When the Obama administration announced stricter regulations on for-profit trade schools, the lucrative industry went on the offensive, hiring the best lobbyists money could buy. “Best,” of course, means most effective and should not be confused with doing what is right.
The heavy investment paid off, as this report in The New York Times explains. The for-profit trade school industry succeeded in diluting the regulations that would have set real standards for these programs.
Consumer advocates should be outraged. But of course, the U.S. Supreme Court believes that corporations are people, too, at least when it comes to spending gobs of money on political advocacy. So outrage is probably wasted. Instead, I’m going with cynicism.
See, there is a certain level of irony here. Strong consumer protection regulations set standards. When businesses follow strong rules, consumers can purchase what businesses sell. Businesses make money. The market economy works.
But when there are thin rules or no rules at all, temptation and greed lead businesses down the wrong path. This era of deregulation has created a consumer fraud monster. Banking practices, mortgage scams, and trade school fraud are not coincidence. They are the result of the triumph of deregulation.
When corporate actors go too far and rip off too many for too much, those of us who dare to represent consumers can fight back. But that seems like a lousy way for our system to run. I hear a lot of carping from certain politicians about lawsuits. But isn’t that what corporations choose when they fight meaningful regulations?
They don’t, really, as many members of the plutocracy believe they are entitled to both no regulation and no exposure to lawsuits for misconduct. I only hope there is a special place in Hell for those miscreants.
I’m spending my Sunday preparing for more depositions in our ongoing trade school fraud case against Western Culinary Institute/Le Cordon Bleu Portland and its parent, Career Education Corp. My guess is that no real rules means many more of these cases in the future. I suppose I should not complain about regulatory failure because it means more business for me. In reality, I would be just as happy if I never saw another for-profit trade school fraud problem again. That’s clearly not in the cards. So be it.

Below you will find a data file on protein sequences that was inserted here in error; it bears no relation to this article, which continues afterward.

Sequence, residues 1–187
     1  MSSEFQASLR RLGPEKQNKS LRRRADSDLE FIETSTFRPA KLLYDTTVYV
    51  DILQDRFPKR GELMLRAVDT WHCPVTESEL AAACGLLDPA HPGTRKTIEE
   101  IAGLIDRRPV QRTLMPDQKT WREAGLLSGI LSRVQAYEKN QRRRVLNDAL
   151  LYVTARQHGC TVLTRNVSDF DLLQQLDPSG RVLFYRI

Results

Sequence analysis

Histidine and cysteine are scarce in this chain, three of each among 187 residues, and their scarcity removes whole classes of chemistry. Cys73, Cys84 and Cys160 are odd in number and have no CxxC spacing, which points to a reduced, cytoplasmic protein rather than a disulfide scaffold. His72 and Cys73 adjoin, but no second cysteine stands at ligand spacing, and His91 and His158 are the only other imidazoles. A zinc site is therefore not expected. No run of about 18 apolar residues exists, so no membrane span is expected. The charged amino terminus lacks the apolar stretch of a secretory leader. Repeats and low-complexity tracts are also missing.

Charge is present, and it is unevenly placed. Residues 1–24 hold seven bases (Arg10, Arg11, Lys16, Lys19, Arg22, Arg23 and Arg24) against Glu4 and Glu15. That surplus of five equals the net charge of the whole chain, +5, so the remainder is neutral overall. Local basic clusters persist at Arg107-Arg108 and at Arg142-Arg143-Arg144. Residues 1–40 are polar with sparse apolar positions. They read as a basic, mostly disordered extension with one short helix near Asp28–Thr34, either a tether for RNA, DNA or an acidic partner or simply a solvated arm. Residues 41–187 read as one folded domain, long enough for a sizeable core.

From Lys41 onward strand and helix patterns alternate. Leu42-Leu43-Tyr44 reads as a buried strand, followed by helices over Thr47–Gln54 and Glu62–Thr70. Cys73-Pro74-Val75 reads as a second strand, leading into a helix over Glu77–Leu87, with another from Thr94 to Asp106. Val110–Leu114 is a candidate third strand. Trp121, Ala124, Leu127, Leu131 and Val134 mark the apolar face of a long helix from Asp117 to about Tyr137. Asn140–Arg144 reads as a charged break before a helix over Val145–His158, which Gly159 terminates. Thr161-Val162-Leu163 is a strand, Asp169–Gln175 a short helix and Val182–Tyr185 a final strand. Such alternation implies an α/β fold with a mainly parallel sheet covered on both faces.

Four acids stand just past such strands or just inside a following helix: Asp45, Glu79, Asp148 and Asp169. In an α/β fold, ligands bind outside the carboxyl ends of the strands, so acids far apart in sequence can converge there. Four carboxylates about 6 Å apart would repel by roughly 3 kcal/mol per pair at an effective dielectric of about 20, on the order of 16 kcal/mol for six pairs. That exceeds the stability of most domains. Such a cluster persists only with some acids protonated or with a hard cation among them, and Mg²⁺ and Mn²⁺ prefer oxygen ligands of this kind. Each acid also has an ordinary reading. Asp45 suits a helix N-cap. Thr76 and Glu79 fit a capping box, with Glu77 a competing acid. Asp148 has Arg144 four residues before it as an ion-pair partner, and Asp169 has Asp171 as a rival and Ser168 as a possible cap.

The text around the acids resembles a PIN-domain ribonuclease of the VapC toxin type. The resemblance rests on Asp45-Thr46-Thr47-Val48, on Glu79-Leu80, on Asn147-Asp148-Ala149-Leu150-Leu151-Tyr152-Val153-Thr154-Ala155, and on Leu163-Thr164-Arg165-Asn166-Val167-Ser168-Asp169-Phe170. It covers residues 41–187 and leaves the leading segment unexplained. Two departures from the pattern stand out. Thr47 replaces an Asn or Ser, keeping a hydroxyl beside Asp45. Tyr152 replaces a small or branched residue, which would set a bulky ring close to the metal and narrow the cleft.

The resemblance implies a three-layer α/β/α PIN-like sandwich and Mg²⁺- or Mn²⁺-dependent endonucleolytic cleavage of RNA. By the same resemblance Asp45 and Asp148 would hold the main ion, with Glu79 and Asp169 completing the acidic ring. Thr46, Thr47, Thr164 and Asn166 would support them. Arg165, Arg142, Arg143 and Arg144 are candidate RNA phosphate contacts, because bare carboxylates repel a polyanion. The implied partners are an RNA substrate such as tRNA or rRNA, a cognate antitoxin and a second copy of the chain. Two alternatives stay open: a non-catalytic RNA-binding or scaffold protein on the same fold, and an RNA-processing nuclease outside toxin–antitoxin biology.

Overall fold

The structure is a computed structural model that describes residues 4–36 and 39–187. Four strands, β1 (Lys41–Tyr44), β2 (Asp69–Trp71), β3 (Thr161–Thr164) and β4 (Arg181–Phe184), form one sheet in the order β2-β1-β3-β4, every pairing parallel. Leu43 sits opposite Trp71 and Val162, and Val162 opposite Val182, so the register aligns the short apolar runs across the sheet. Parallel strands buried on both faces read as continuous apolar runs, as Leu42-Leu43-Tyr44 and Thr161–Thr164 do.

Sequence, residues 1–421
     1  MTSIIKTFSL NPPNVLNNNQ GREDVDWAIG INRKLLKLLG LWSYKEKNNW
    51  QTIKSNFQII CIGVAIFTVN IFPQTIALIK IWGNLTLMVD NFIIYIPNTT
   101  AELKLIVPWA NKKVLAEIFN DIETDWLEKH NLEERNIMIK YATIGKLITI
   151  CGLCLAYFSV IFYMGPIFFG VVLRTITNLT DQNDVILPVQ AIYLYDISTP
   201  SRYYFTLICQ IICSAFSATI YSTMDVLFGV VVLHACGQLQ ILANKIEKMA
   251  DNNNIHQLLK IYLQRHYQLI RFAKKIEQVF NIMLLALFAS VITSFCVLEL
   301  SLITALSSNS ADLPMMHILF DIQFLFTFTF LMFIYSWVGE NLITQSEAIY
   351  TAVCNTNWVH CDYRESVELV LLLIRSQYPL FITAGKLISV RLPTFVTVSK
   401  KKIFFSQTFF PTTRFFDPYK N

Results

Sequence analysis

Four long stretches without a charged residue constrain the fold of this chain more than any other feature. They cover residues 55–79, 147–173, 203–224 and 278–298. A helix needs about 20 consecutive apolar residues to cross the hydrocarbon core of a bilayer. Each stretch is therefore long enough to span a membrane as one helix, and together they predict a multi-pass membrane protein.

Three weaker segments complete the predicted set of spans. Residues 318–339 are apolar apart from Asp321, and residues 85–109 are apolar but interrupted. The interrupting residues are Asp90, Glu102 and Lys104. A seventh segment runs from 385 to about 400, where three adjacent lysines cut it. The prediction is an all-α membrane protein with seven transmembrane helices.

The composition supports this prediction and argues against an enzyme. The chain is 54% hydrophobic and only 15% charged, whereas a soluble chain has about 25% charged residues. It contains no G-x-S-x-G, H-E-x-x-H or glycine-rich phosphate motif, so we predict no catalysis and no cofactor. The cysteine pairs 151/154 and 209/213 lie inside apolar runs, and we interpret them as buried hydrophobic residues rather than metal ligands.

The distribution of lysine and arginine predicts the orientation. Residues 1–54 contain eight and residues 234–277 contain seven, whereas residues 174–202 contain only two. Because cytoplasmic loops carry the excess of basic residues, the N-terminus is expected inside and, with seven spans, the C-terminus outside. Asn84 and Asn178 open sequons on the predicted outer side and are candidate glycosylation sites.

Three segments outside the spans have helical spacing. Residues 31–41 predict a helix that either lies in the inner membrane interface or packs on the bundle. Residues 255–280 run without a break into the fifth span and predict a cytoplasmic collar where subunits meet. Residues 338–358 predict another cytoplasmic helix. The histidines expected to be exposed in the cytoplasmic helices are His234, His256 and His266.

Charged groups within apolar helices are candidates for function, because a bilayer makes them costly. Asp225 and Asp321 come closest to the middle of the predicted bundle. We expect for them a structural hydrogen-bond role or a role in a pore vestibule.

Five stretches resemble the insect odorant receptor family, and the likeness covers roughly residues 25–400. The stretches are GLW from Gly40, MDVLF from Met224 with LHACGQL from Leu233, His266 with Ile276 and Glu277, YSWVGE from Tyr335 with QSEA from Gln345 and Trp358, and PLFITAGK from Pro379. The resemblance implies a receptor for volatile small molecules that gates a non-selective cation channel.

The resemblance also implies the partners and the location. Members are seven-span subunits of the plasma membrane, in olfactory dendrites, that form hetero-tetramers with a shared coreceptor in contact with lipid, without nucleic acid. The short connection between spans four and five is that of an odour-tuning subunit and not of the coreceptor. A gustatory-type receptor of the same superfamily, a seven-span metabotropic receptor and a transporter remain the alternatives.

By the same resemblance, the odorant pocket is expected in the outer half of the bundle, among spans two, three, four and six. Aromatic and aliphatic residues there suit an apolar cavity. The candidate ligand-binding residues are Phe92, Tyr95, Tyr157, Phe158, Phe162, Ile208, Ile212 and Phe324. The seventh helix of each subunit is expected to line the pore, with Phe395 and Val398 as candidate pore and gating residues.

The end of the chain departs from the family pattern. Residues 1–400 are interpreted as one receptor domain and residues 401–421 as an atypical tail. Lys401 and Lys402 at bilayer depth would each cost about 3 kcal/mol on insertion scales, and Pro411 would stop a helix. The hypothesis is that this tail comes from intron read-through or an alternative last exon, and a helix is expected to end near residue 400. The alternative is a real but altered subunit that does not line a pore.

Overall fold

That's because they've all written arbitration provisions into their contracts. You think they are worried about a couple arbitrations here and there? Just the cost of doing business.
That was a pretty disgusting article. Goes to show what a well connected/funded lobbying effort will do.
David Sugerman says
Thanks Phil. Actually, their early generation arbitration clauses are mostly unconscionable, even in the post-Concepcion era. We beat the arbitration clause in our class action against Career Ed Corp recently. But yes, you are correct that for-profit trade schools are resorting to arbitration clauses and that will mean more barriers to consumers. Your disgust is completely warranted, especially when you look at the players who sold out consumers. Even so, we fight on. What other choice is there?
Love this article, very informative. I am also involved in a lawsuit in state court TX against a for profit medical school, which had a recruiting office in NY state and is actually headquartered in Mexico. These for profit med schools are committing the same types of consumer fraud as their domestic counterparts, with even less regulation and scrutiny at the state and federal level
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